Letter from the Publisher
by Vanessa Johnson
Posted on June 12, 2006
I have to admit that when it was suggested that we do a story on rising gas prices, I was not enthusiastic. For most Americans, cheap gasoline is up there with our right to free speech and to bear arms. I have written in the past that I think this is harmful in the long run, and frankly, I think the stories are boring, and I always skip them.
Then I was talking to Rafa, one of our writers who gave up his car for good last year, and he suggested writing about what it's been like riding his bike around East El Paso for a year. So this is my way out of running a rising gas story. It's a lot more entertaining and maybe provides some inspiration for you (the reader) to get out and see what life outside the car is like.
I can promise that such a life is at least more interesting, if not more convenient. I'm extremely uncoordinated on a bike, and would need a bike tunnel with padding before I'd venture to work on mine, but I've been walking to work for a good part of the past two months. The desire to walk comes to me in spurts, after I'm tired of using my car for a while, or particularly when I have paid a mechanic the equivalent of a month's rent and have the fantasy of selling it all together.
My first casualty is always fashion-related. Although people seem to need to remind me I am tall enough without them, I enjoy wearing high heels, and have never gone for the "tennis shoes and suit" look à la New York businesswoman. In the winter I can wear boots comfortably, but I'm now stuck with sandals or flats until I get to work to change into my heels that now live under my computer.
Mark D's poem that ran in my first issue of Newspaper Tree, during another one of my walking periods, sums up what most of us miss from our vehicles. [poem] There is a heightened awareness of architecture, alleyways, sounds, and topography; other people are often friendly, saying "good morning" or "hello" as paths cross. Americans who visit Europe frequently remark on the amount of walking necessary in cities that were designed pre-automobile. My brother is not so much an anomaly in Europe, as he would be here, as someone in his 20s who doesn't have a license and has never owned a car.
This past weekend, we hosted a discussion/party in honor of Jane Jacobs, who praised the "foot people" who add to the vitality of cities. Trends in urban planning have gone full circle and now encourage pedestrian-friendly neighborhoods and promenades, even if they are within safe distance of a parking garage. Our current City Council has the strategic goal of El Paso becoming the least car-dependent city in the Southwest. This would be one of the most difficult but significant accomplishments our city could achieve over the next several decades. Unfortunately, many of the steps involved would require a complete reformulation of concepts of land development, roads, and the right of cities to have monopolies on public transportation. Most people can get behind the idea of adding bike paths and commuter lanes, but fundamentally altering our reliance on vehicles would require radical changes that I have not yet seen proposed, nor are likely to garner widespread support.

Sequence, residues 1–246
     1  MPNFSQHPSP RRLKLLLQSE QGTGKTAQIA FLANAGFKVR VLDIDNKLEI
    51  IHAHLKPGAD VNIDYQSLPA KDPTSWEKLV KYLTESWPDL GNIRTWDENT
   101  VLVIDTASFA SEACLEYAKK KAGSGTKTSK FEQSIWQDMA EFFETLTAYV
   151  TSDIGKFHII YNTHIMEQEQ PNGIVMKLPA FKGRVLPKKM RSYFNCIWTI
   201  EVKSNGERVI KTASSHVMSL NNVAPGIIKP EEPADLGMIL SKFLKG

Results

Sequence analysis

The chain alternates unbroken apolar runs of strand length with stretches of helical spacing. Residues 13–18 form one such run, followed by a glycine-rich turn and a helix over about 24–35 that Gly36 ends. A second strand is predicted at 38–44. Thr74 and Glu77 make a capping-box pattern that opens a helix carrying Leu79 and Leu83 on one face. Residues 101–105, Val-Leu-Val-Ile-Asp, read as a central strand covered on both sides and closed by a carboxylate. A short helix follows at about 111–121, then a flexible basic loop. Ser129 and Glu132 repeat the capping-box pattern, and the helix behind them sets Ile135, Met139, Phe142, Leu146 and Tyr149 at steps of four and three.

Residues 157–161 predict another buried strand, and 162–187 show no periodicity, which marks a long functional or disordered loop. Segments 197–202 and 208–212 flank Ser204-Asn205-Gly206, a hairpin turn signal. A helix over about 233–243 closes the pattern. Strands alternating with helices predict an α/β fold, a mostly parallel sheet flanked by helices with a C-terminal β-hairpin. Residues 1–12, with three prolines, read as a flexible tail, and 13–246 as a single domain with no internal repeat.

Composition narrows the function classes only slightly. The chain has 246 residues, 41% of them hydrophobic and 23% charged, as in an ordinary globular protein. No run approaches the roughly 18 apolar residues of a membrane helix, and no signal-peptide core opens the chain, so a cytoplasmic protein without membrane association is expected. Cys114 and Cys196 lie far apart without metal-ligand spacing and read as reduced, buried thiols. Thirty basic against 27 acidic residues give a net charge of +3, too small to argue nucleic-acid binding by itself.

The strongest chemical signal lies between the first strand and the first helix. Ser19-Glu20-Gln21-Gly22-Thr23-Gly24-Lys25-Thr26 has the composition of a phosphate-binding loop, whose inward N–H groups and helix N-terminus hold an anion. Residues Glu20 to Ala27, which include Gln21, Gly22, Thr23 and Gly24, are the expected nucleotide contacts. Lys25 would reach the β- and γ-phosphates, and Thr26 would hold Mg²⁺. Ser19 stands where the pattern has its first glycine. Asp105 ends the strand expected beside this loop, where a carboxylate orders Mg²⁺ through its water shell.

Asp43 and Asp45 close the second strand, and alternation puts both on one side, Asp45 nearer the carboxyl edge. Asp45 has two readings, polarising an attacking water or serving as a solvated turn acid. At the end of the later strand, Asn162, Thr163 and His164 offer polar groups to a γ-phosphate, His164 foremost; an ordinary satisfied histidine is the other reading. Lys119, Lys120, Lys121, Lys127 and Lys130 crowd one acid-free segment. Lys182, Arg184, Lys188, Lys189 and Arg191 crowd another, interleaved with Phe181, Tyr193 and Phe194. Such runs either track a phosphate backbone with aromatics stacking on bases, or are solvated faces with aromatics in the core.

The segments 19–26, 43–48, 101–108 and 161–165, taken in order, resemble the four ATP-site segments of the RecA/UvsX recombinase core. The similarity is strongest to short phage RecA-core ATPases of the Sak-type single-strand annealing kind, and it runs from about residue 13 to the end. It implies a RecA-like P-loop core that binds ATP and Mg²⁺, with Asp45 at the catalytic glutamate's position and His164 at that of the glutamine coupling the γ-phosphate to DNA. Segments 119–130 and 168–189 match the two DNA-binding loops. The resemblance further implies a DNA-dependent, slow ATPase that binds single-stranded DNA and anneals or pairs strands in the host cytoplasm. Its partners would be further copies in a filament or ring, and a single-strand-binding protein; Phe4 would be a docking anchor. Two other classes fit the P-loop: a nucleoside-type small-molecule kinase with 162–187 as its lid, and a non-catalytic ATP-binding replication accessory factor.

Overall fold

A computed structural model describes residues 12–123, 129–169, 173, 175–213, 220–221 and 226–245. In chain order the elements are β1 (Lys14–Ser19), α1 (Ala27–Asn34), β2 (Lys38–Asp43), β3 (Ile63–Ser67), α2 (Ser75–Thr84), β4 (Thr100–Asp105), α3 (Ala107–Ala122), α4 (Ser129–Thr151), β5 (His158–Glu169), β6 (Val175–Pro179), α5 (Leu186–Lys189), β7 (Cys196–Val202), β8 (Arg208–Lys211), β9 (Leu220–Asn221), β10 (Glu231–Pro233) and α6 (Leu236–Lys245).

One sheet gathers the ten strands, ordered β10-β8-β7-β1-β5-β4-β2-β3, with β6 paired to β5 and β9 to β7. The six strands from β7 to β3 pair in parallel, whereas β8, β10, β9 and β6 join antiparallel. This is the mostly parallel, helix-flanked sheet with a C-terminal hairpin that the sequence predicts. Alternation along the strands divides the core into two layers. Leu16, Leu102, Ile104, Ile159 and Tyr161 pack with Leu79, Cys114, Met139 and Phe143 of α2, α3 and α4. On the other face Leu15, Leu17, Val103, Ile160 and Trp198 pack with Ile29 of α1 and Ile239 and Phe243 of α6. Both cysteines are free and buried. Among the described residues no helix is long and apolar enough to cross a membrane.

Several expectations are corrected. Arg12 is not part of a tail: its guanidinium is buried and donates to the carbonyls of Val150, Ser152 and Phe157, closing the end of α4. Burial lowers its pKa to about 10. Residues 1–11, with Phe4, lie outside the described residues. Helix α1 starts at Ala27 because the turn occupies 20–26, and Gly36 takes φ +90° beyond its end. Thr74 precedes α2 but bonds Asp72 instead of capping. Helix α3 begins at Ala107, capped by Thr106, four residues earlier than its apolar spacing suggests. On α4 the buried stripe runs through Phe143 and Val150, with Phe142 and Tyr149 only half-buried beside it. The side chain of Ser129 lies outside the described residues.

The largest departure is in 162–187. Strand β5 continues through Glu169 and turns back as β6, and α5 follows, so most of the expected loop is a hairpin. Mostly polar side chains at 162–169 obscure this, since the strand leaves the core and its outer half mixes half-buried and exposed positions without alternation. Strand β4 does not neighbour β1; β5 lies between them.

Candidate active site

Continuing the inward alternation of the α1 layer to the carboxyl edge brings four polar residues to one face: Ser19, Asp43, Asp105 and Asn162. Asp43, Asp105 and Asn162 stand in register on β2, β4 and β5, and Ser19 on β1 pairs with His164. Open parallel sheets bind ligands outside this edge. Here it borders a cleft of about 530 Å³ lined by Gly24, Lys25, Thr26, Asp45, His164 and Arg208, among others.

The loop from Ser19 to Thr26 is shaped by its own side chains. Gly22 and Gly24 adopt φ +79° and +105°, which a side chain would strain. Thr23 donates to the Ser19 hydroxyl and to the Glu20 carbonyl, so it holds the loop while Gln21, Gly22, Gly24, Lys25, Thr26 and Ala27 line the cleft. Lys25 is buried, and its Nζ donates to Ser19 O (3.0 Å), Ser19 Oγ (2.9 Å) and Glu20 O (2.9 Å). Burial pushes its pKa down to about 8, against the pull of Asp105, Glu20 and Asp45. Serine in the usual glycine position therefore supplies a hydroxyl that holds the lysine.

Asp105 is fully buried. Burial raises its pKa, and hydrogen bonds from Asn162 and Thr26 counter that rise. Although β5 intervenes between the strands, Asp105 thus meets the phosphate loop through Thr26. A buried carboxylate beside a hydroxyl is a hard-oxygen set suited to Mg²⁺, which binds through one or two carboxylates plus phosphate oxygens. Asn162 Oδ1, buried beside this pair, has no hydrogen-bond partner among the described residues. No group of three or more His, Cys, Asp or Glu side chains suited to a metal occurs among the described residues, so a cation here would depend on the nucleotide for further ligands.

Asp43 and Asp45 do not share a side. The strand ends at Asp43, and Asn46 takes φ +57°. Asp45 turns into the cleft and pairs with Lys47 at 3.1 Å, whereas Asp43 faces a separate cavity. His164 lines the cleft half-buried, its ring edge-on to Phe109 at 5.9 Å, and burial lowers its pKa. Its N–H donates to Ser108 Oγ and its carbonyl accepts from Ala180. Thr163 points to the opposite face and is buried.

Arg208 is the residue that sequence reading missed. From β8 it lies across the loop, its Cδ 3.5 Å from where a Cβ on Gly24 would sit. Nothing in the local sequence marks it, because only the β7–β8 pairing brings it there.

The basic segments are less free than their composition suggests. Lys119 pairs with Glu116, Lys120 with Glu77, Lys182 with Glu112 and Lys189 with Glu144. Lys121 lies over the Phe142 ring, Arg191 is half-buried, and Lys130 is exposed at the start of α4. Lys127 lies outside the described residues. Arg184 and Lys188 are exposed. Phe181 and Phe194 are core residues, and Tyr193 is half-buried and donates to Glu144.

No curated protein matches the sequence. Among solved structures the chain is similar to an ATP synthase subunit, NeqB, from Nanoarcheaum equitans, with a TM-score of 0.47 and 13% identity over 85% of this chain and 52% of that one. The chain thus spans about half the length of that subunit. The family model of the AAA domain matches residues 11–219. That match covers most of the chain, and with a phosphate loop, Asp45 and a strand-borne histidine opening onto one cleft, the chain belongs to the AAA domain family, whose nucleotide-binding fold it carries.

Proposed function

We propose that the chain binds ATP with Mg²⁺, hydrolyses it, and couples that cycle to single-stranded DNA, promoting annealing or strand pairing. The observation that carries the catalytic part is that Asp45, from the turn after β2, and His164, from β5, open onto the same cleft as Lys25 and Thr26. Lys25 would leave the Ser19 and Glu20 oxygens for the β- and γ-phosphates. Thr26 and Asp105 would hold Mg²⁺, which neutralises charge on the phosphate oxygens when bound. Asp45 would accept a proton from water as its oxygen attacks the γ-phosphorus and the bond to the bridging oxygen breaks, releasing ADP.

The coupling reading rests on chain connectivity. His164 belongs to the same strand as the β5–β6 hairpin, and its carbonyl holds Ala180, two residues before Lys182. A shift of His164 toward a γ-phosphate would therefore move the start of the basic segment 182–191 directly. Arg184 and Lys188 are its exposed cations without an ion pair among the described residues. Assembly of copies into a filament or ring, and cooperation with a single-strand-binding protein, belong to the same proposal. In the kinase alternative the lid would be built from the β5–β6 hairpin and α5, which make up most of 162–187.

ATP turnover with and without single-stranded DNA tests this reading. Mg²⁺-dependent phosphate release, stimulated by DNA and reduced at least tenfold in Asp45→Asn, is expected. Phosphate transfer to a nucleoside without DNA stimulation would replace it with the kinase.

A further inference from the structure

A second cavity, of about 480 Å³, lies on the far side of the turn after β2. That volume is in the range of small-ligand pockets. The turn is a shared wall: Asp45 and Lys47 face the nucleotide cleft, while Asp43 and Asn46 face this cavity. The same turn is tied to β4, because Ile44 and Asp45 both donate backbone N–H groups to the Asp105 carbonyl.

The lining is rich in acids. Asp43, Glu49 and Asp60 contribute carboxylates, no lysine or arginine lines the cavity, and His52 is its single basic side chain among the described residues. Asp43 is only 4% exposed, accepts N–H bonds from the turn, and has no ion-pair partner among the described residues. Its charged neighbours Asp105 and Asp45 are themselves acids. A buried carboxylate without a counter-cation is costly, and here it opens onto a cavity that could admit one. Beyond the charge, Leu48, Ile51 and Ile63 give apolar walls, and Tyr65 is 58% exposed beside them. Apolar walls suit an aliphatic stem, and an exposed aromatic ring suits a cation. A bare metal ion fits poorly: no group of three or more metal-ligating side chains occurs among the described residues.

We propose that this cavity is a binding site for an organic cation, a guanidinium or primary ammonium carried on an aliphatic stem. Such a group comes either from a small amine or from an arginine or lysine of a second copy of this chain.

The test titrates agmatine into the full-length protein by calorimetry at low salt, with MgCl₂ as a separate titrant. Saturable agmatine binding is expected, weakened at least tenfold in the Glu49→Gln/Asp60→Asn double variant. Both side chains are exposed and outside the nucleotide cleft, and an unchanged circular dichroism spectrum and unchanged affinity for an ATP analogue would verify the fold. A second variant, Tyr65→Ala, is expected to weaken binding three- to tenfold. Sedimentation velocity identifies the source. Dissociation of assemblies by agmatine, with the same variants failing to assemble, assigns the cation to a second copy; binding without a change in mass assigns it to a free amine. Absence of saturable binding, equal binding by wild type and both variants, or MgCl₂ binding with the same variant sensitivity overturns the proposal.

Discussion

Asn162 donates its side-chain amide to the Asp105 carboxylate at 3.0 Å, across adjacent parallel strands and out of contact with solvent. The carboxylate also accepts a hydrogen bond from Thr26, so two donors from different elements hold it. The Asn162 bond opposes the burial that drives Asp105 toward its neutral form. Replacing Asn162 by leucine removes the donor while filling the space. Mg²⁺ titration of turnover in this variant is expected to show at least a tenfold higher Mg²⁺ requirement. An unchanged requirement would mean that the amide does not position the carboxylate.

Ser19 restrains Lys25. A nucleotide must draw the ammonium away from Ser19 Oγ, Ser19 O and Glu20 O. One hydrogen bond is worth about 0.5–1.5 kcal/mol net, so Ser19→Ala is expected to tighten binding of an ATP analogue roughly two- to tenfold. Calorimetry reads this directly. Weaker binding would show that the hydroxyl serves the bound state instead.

Most people who walk or ride their bikes aren't so concerned about gas prices. For me, it's healthy physically and mentally. It's a great pause in the day where I can ignore my phone and see a beautiful view of Downtown from the hill and of the mountains when I come home. I also know that walking or biking to work is not an option for a large majority of El Pasoans, and that our city, like most in the West, is not friendly or even safe for many of those who choose to do so. But I do know that a lot more people could hit the sidewalks and streets, whether it's to a nearby restaurant in the evening, or around a neighborhood park in the morning.
Not that I'm giving up my car yet. I still like to drive too fast, listening to music too loud and feeling generally apocalyptic, thinking that our age of oil will soon end. But when it does, it will be the bikers and the walkers who are most prepared for life in the slow lane.
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